We hear lots of talk about testosterone, but how many of us understand what work it does for our bodies? Especially during the fat loss process? How many of you have tried to go for a calorie deficit diet, training often, but still not able to lose the last layer of lower belly fat?
Here is why.
Testosterone is primarily a male sex hormone – although, women also produce small amounts of testosterone in the ovaries. Also known as the “anti-aging hormone”, testosterone affects the brain, bones and muscle masses, fat distributions, genital tissues, and sexual behaviours. Testosterone deficiency is found to be a predisposing factor for premature death. Conversely, a higher testosterone level links to a longer lifespan in men.
The reference range for a highly sensitive testosterone level in men aged 16–60 should be 10–38 nmol/L. The most reliable way for men to determine testosterone levels is to take a sample blood test between 7 am and 12 noon, as the levels are lower in the afternoon and evening. The optimal testosterone level for men should lie on the top half of the reference range – the closer to the upper limit, the better. Levels below 15 could be indicative of subclinical hypogonadism, which may require treatments.
Besides testosterone, there is another hormone called estrogen. The two work together in a yin yang process to make body functions balance. When the testosterone level is high, estrogenic levels will go down and vice versa.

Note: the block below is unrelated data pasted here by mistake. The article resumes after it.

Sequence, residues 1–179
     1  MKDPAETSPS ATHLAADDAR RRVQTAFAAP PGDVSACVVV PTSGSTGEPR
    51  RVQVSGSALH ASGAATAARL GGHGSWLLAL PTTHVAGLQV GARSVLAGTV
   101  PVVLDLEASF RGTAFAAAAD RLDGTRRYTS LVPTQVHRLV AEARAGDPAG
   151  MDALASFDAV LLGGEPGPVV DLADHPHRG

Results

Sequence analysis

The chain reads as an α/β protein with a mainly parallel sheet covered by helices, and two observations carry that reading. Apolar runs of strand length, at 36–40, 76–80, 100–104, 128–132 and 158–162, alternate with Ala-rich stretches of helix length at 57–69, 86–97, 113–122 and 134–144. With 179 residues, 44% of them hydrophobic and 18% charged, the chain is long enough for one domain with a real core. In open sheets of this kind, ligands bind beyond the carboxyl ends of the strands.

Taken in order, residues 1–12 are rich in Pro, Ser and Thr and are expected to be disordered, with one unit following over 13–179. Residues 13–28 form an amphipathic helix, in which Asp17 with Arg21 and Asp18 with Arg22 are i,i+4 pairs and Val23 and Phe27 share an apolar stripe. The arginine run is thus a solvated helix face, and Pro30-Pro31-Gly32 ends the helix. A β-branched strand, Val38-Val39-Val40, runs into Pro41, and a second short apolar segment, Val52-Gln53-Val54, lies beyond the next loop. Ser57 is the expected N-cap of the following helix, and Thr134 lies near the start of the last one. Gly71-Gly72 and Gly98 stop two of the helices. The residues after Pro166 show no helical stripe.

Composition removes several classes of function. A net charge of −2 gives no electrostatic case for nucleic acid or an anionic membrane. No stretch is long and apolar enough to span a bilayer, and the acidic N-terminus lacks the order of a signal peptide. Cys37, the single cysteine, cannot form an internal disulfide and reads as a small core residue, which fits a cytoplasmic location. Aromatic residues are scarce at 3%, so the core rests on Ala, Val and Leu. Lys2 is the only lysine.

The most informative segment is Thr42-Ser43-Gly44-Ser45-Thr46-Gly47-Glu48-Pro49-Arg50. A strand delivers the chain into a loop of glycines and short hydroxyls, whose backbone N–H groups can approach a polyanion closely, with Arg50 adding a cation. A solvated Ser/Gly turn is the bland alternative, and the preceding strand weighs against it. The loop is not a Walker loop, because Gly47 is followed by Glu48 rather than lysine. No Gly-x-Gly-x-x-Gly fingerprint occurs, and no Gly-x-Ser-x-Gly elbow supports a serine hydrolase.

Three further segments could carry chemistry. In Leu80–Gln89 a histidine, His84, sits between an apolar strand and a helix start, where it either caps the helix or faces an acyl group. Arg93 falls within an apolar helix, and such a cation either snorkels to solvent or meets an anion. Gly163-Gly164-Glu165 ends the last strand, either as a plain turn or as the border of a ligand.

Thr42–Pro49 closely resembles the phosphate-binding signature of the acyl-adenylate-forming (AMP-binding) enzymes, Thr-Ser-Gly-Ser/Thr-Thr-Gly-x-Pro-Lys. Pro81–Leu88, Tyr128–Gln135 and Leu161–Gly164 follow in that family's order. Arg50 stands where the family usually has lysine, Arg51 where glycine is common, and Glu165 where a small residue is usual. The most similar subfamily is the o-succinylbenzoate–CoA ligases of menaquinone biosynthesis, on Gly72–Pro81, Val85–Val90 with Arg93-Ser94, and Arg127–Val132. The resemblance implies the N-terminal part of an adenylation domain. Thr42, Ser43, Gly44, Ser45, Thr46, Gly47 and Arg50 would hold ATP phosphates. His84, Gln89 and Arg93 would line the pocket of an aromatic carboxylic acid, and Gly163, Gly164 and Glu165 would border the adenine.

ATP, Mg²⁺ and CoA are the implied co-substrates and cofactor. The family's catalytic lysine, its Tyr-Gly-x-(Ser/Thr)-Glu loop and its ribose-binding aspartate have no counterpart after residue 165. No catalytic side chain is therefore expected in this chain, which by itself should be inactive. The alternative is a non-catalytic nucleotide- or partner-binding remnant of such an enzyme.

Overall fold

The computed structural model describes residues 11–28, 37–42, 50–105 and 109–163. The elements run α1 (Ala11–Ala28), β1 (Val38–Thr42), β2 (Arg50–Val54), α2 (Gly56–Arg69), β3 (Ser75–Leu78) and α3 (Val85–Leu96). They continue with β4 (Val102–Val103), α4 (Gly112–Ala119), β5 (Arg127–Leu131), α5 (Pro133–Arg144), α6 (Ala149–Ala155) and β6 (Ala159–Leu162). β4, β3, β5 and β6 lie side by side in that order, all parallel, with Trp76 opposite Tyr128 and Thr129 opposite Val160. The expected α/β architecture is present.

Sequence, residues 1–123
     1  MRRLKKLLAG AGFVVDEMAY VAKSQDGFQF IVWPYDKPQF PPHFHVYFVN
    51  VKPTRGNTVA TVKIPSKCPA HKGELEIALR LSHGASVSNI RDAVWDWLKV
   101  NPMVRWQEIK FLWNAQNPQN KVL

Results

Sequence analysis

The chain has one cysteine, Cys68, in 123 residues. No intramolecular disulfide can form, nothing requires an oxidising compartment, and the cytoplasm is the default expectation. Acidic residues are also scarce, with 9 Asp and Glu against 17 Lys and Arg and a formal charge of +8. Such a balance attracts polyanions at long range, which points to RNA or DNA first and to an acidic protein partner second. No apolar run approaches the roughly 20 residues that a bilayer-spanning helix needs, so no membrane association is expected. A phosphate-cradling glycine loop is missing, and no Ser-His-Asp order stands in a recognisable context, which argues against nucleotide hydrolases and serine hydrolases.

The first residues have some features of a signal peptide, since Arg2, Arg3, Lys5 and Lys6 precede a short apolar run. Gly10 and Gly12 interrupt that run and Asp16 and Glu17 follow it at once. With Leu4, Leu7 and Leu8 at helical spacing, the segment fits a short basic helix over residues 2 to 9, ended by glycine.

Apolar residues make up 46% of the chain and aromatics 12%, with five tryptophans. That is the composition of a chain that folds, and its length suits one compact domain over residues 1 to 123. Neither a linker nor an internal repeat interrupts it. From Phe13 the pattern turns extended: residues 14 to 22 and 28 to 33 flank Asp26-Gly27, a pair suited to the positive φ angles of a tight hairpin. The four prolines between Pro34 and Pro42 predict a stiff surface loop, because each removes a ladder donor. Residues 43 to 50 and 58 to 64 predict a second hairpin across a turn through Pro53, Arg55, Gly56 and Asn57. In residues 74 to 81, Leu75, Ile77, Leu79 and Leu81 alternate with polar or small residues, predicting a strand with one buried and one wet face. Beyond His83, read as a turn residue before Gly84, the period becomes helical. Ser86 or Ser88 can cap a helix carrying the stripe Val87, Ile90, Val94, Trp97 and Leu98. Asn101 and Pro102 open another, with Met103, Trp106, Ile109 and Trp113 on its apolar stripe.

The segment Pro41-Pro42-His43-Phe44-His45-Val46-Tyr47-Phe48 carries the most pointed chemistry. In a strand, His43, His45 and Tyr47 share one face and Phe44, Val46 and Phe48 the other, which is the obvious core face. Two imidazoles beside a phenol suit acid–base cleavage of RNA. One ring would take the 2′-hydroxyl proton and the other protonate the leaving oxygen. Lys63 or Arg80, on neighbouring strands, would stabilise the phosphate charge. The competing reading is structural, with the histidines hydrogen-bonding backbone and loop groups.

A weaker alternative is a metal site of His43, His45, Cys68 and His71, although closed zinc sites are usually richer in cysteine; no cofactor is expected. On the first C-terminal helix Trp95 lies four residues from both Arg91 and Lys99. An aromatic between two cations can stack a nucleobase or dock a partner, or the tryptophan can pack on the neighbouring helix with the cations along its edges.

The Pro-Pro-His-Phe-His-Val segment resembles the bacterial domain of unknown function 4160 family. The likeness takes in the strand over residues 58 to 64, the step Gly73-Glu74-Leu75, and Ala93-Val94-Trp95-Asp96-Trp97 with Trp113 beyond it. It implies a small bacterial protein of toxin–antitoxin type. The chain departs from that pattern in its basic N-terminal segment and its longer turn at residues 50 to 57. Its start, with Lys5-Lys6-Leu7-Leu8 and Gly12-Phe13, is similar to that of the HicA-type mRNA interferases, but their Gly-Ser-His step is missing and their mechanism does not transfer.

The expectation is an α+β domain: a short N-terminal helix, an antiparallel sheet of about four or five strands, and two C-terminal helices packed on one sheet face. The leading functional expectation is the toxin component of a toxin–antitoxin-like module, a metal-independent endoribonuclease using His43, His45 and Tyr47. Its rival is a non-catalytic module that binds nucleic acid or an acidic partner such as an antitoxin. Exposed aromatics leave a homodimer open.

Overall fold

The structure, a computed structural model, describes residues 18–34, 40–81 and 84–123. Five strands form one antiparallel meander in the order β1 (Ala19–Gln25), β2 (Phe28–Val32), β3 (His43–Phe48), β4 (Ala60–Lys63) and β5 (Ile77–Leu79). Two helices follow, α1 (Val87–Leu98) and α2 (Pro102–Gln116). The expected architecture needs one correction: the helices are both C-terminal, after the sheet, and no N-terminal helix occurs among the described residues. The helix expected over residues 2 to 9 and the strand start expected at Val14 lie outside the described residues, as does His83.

In the scenario of muscle gain and fat loss, these two hormones are important. When we have a higher range of testosterone, we naturally will increase the muscle mass and reduce fat storage even if we don’t train. When oestrogen levels are high, we decrease muscle mass and store body fat even if we train a lot. It is important to know our testosterone level if we want to gain muscle and lose fat effectively. It is optimal to have a higher testosterone level, of say 36, than a lower level of for example 12.
There are many natural ways to optimise testosterone levels without using drugs. For example, healthy food intakes, effective exercise protocols, supplements, quality sleeps and stress management. Unfortunately, some people still take a risk and use anabolic steroids to boost testosterone without a doctor’s prescription or supervision. This may increase the risk of cancer, hair loss, damaged liver function, rough skin condition, acnes, heart stroke and depression.
If you observe your diet, training and lifestyle are adequate but still are not able to reach the result you want, it could be a time for you to conduct a blood test to find out the testosterone level and consult a professional.